Thailand: Don’t Deport Pregnant Migrant Workers
Labor Minister’s Proposal Won’t Reduce Human Trafficking
(New York, July 6, 2012) – Thailand’s government should scrap the labor minister’s proposed regulation to deport migrant workers who become pregnant, Human Rights Watch said today. The proposal discriminates against women workers and would not advance the government of Prime Minister Yingluck Shinawatra’s stated aim of reducing human trafficking.
On June 26, 2012, Labor Minister Padermchai Sasomsap announced a plan to send home migrant workers who authorities learn are three to four months’ pregnant. He stated that this would curb the use of migrant child labor by reducing the number of migrant children in Thailand. He maintained this measure would help respond to the US State Department’s recent classification of Thailand in the “Tier 2 Watch List” as a country making consistently poor efforts to eliminate human trafficking.
“The labor minister’s plan has nothing to do with stopping human trafficking but will cause further discrimination against women migrant workers,” said Brad Adams, Asia director at Human Rights Watch. “Prime Minister Yingluck should immediately direct the Labor Ministry to drop this unlawful and thoroughly bad idea.”
On June 19, the US State Department released its annual report on human trafficking, which criticized Thailand for its failure to prevent and respond to trafficking into forced prostitution, forced begging, and forced labor, especially in the fishing industry, domestic work, and factories. The report highlighted Thailand’s failure to identify and protect victims and concluded that “the country’s migrant labor policies continued to create vulnerabilities to trafficking and disincentives to victims to communicate with authorities.”
Human Rights Watch’s 2010 report “From the Tiger to the Crocodile: Abuse of Migrant Workers in Thailand” found that undocumented migrants are particularly vulnerable to trafficking due to unregistered, unscrupulous brokers, lack of valid travel documents, fear of authorities, and limited information about their rights and where to get help.
“Thailand has a long list of actions to take if it really wants to stop trafficking, such as ensuring that migrant children can go to school, cracking down on abusive government officials and labor recruiters, and providing better protection for trafficking victims,” Adams said. “Adopting such measures, rather than deporting pregnant migrant workers, would be the best way forward.”
While the labor minister’s proposal does not bar pregnant migrants from working, it penalizes them by forcing them to stop work for several months and return to their home countries to give birth. This deprives migrant women, often from poor backgrounds, of equal work opportunities and income. They may also face uncertainty regarding the ability to reclaim their job upon return and additional expenses related to travel and recruitment fees.
Padermchai’s plan has reportedly created panic among pregnant migrant workers, the vast majority of whom come from neighboring countries of Burma, Cambodia, and Laos. Many fear they will lose their jobs and be deported, Human Rights Watch said. Service providers are concerned that some migrant women may risk unsafe abortions as their only option to stay employed. Women migrant workers in Thailand often lack access to adequate reproductive health services, including contraception.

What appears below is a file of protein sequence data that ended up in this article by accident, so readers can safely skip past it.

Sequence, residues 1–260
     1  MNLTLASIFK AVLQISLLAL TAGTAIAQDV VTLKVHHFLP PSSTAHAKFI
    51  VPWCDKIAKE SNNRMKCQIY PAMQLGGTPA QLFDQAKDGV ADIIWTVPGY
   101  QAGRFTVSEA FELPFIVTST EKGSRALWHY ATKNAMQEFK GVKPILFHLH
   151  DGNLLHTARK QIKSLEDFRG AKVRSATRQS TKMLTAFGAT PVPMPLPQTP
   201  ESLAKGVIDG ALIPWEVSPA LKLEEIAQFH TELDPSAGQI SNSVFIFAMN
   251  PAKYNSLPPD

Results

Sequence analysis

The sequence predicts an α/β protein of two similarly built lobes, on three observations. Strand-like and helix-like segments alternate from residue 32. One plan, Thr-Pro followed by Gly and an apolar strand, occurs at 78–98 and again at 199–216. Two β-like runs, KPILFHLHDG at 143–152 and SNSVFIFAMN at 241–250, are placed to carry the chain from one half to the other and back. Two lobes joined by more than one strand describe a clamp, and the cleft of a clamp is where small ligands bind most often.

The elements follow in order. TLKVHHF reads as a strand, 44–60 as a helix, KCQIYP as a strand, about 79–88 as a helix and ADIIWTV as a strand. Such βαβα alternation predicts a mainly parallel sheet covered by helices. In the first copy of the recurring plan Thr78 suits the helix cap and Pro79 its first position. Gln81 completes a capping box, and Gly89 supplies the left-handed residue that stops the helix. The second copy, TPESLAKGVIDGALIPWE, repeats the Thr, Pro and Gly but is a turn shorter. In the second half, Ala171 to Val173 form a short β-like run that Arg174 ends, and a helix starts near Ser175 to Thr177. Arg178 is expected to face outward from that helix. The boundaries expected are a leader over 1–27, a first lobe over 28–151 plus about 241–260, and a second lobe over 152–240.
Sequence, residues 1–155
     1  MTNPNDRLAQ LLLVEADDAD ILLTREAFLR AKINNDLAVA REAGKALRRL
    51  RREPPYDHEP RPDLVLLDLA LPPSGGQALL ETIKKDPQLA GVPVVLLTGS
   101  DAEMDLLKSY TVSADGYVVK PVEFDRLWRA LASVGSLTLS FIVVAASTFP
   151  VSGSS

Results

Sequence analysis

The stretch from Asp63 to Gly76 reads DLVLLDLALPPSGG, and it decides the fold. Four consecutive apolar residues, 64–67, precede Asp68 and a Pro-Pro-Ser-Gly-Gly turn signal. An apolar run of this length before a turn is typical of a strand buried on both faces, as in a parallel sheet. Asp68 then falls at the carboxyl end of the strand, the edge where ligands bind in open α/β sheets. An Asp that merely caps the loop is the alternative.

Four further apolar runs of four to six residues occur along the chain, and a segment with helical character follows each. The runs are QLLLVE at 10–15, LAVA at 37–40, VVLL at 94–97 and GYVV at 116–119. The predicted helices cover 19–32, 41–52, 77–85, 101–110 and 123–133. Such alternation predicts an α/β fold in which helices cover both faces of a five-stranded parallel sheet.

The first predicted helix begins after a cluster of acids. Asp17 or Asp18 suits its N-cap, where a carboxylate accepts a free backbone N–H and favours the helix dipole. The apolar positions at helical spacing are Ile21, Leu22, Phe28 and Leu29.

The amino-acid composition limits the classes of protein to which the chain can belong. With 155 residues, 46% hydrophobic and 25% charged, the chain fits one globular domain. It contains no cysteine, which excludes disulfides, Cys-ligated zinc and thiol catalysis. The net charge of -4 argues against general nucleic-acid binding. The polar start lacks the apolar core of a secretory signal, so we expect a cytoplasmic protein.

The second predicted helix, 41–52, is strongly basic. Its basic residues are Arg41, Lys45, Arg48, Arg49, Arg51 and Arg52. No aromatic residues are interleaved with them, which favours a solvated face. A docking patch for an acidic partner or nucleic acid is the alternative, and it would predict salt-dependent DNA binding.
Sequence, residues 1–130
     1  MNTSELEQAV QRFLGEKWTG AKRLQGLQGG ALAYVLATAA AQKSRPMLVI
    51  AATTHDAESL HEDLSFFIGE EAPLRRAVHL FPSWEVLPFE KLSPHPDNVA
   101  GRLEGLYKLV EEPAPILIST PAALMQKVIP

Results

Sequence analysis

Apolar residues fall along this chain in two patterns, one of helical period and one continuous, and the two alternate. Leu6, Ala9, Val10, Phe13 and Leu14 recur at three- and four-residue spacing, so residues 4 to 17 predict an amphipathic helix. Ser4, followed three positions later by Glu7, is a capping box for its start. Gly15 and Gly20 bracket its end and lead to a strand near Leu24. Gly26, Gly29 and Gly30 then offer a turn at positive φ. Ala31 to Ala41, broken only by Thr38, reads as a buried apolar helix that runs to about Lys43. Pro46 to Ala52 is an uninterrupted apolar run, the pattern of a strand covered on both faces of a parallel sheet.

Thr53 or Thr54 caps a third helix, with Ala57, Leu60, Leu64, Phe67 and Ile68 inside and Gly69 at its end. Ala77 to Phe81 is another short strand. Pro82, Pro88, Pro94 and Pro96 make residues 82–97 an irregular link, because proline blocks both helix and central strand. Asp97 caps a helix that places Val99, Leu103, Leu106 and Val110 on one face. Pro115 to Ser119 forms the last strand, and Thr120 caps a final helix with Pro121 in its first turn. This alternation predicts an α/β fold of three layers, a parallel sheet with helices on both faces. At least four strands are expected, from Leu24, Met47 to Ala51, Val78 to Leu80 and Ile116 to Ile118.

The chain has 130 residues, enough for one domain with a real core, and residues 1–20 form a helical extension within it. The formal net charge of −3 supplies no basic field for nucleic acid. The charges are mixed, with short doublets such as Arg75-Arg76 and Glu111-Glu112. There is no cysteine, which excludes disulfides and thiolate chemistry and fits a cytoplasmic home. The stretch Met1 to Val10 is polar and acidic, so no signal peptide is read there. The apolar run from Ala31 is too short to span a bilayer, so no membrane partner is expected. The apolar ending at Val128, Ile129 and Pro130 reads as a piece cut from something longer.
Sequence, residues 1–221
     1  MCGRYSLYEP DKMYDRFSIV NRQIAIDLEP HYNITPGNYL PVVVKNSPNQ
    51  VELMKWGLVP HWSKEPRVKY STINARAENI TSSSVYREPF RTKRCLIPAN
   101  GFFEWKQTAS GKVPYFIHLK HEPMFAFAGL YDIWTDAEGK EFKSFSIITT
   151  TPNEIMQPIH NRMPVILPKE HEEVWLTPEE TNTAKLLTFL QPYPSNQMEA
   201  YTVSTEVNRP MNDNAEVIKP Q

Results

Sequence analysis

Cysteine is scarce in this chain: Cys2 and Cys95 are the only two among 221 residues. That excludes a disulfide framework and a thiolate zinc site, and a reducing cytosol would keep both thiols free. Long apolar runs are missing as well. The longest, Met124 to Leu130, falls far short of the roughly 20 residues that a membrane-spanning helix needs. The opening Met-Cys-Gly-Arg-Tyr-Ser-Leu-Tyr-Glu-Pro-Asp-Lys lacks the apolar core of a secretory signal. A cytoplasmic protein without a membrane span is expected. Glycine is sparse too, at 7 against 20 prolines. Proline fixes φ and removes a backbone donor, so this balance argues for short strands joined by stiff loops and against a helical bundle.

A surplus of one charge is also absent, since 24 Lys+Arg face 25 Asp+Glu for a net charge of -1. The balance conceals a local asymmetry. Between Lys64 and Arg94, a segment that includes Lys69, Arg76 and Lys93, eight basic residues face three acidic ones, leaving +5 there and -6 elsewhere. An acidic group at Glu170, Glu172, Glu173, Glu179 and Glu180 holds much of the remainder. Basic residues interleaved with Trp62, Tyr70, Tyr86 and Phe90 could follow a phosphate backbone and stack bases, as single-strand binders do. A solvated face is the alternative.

Thai law criminalizes abortion in most circumstances except in cases of rape or to protect the mother’s health. Unsafe abortion can cause serious injury, disability, and in some cases death among migrant women workers. According to the Thai Public Health Ministry, nearly 1,000 women die each year from fatal infections caused by incomplete abortions.
Governments are obligated under international human rights law to ensure that women have the same employment opportunities as men and cannot be dismissed from jobs because of pregnancy. These standards are established by the Convention on the Elimination of Discrimination against Women (CEDAW), ratified by Thailand in 1985, and core labor standards of the International Labor Organization (ILO). The committee of independent experts overseeing CEDAW stated in its General Recommendation No. 26 that governments should ensure that women migrant workers have the same rights and protections extended to all workers in the country and should lift bans prohibiting migrant workers from getting pregnant.
The International Covenant on Civil and Political Rights, which Thailand ratified in 1996, provides that citizens and non-citizens both benefit from the general requirement of non-discrimination. The Human Rights Committee, the international expert body that monitors compliance with the Covenant, stated in its General Comment No. 15 that while states are entitled to admit or deny entry of persons, “in certain circumstances an alien may enjoy the protection of the Covenant even in relation to entry or residence…when considerations of non-discrimination, prohibition of inhuman treatment and respect for family life arise.” Depriving pregnant migrant women of their employment and separating them from their families by deporting them, meets that threshold.
A working group under the Labor Ministry’s Department of Labor Protection and Welfare has two months to draft regulations for the implementation of this proposal. Human Rights Watch called upon foreign embassies and UN agencies in Bangkok to urge the Thai government to rescind the proposal.
“Forcing pregnant migrant workers to leave their jobs flies in the face of Thailand’s international legal obligations,” Adams said. “Adoption of this plan would further tarnish Thailand’s poor record in protecting migrant workers’ rights.”